It’s hard to believe, but just a month ago Donald Trump and his henchmen were dismissing the coronavirus as a non-event. On Feb. 26, Trump declared that “You have 15 people, and the 15 within a couple of days is going to be close to zero.”
His remark came a day after Larry Kudlow, his administration’s chief economist, declared that the virus was almost completely contained, and that the economy was “holding up nicely.”
There are now more than 80,000 cases in the US — we don’t know how many more, because we’re still lagging far behind on testing. And the US trajectory is worse than that in other countries, so that we are the world’s coronavirus epicentre.
The bad news is that Trump is calling for the United States to “reopen” by Easter, a move nearly all public health experts believe would be catastrophic. Clearly he still doesn’t take the pandemic seriously
As for the economy: Last week more than 3 million workers filed for unemployment insurance, a number that is completely off the scale even as many others who are suddenly out of work aren’t eligible for unemployment benefits. We’re clearly losing jobs even faster than at the worst moments of the 2008-09 financial crisis, when we were losing “only” 800,000 per month.
Coping with the catastrophe
Trump’s dismissal and denial played a large role in getting us to this point. And he should be held accountable. But the crucial question now is whether we’re doing enough to cope with the catastrophe.
And the answer is no. We’re doing some of what we should be doing, mainly thanks to the efforts of Democratic governors and Democratic members of Congress — a statement that may sound partisan, but is the simple truth. But we’re still falling down on crucial fronts, mainly because even now Trump and his party aren’t taking the threat seriously.
What should we be doing? Three main things.
First, we need an all-out push to get essential medical equipment to where it’s needed. This means everything from face masks and other personal protective equipment for health care workers to ventilators for critical patients. It also, of course, means a vast expansion of testing.
The multiple weeks we wasted thanks to Trump’s virus denial have put us far behind the curve, and thousands of Americans will die unnecessarily as a result. But a full-court press could still make a huge difference.
Unfortunately, that’s still not happening. Trump has the power to mobilise industry to produce crucial equipment, but he has refused to use that power, airily declaring that “we’re not a shipping clerk.”
Actually, we don’t want him to be a shipping clerk. We want him to be a traffic cop, directing resources to where they’re needed most — a role the federal government has always played in wartime, which the current crisis most resembles.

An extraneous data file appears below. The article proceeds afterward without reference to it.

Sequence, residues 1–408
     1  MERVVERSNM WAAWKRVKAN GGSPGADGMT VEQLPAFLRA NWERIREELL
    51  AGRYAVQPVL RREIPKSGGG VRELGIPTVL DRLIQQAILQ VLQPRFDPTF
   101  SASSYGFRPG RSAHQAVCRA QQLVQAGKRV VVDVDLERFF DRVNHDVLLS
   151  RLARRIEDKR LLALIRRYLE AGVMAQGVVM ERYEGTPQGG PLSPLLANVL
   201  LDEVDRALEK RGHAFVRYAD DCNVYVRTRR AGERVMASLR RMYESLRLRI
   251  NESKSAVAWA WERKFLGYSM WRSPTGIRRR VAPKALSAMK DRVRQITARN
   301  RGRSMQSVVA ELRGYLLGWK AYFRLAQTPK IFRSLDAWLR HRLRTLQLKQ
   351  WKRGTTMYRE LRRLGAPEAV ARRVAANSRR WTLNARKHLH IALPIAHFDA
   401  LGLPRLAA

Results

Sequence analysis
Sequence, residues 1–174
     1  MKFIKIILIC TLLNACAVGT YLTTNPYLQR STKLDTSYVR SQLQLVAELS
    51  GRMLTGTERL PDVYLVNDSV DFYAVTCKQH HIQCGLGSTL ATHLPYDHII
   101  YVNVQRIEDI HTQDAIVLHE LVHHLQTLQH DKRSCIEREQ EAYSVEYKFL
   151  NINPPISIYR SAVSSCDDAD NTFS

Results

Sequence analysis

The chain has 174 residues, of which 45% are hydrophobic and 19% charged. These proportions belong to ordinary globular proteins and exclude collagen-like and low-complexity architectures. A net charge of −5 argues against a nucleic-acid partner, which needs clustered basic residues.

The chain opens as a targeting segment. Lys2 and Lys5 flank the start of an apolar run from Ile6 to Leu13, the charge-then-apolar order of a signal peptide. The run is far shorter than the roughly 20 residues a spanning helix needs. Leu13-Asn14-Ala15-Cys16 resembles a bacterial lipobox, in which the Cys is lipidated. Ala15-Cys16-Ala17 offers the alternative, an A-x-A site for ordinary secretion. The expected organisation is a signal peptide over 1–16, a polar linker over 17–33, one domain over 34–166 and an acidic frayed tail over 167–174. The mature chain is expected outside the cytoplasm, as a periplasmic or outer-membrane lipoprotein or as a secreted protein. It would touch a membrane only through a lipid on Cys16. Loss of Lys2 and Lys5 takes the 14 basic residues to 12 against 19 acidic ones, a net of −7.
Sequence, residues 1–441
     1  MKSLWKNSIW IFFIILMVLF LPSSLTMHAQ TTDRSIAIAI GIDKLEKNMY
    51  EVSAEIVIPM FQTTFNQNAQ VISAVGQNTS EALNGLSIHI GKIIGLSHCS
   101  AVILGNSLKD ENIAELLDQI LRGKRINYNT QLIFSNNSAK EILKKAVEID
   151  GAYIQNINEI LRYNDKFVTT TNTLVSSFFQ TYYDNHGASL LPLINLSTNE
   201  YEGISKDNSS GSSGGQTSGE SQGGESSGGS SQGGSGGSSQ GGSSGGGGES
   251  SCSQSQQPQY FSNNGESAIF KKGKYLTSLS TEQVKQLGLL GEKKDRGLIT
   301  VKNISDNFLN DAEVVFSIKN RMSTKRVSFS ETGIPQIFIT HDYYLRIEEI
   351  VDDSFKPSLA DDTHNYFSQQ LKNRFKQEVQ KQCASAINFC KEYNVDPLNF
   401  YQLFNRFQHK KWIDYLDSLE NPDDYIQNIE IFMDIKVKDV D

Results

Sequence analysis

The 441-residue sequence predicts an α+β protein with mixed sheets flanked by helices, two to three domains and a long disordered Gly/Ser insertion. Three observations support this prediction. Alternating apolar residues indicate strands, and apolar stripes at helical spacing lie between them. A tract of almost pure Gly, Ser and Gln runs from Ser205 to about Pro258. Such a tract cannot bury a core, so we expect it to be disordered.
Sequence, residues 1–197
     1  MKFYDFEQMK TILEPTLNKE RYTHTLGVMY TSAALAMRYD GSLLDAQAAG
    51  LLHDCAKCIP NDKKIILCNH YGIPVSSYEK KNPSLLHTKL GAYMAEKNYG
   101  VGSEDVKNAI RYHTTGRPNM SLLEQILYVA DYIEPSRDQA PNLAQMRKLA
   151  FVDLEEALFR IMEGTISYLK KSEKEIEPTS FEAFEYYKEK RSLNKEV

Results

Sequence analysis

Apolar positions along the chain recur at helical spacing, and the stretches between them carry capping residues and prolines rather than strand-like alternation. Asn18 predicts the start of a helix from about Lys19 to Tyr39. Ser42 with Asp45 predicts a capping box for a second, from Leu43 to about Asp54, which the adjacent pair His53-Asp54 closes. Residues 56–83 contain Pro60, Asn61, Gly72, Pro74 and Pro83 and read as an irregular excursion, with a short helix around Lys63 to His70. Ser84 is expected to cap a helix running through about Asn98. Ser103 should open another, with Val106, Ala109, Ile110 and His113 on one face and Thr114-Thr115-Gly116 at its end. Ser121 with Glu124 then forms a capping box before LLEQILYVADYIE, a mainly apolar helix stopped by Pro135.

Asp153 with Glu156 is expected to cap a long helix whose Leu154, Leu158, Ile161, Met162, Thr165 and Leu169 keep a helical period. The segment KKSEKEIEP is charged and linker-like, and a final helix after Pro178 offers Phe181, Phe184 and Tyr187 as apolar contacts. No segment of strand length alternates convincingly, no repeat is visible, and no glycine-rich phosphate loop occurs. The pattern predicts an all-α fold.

But he won’t take responsibility, so we’re now seeing a chaotic scramble that will surely kill thousands more.
Second, we need to slow the virus’s spread, by reducing personal contacts that might lead to new infections — “social distancing.” The good news is that a number of states have taken strong action, closing non-essential businesses, banning almost all gatherings and issuing shelter-in-place orders to stop people from going out. And early indications are that these actions are working.
The bad news is that Trump is calling for the United States to “reopen” by Easter, a move nearly all public health experts believe would be catastrophic. Clearly he still doesn’t take the pandemic seriously. And some Republican governors share his fecklessness. For example, Ron DeSantis, Florida’s governor, is still refusing to close the state’s beaches.
So crucial measures to slow the pandemic’s spread are partial, and the president is offering the opposite of leadership. But much of the country is doing the right thing despite Trump.
Which brings me to the third thing we need to do: Provide financial aid to families and businesses in the face of an unavoidable economic contraction. What we’re seeing in those surging unemployment claims isn’t a conventional recession; it’s more like a medically induced coma, done for the patient’s own good — which is why Trump’s desire to get people back to work is lethally misguided. But people need to eat even while they can’t work.
So two cheers for the $2 trillion legislation the Senate just passed. People keep calling it a “stimulus” bill, but that’s not what it really is. Instead, it’s mainly disaster relief: checks to families, enhanced unemployment benefits, aid to hospitals and hard-pressed states, and loans to help small businesses survive.
It’s a highly imperfect bill, with plenty of potential for abuse by special interests. But it’s infinitely better than the ideas Trump and other Republicans were floating just a few days ago, mainly because Democrats insisted that the legislation actually help people in need.
What the bill won’t do, however, is prevent a huge death toll if, as seems all too likely, the rapid spread of the coronavirus overwhelms hospitals that still aren’t getting the equipment they need. And the tragedy is that many of those deaths will be the direct result of bad leadership — Trump’s disdain for expertise and refusal to take the threat seriously, a refusal that continues to cripple our response even now.
— Paul Krugman is one of America’s foremost public intellectuals. He is a Nobel laureate and teaches economics at the City University of New York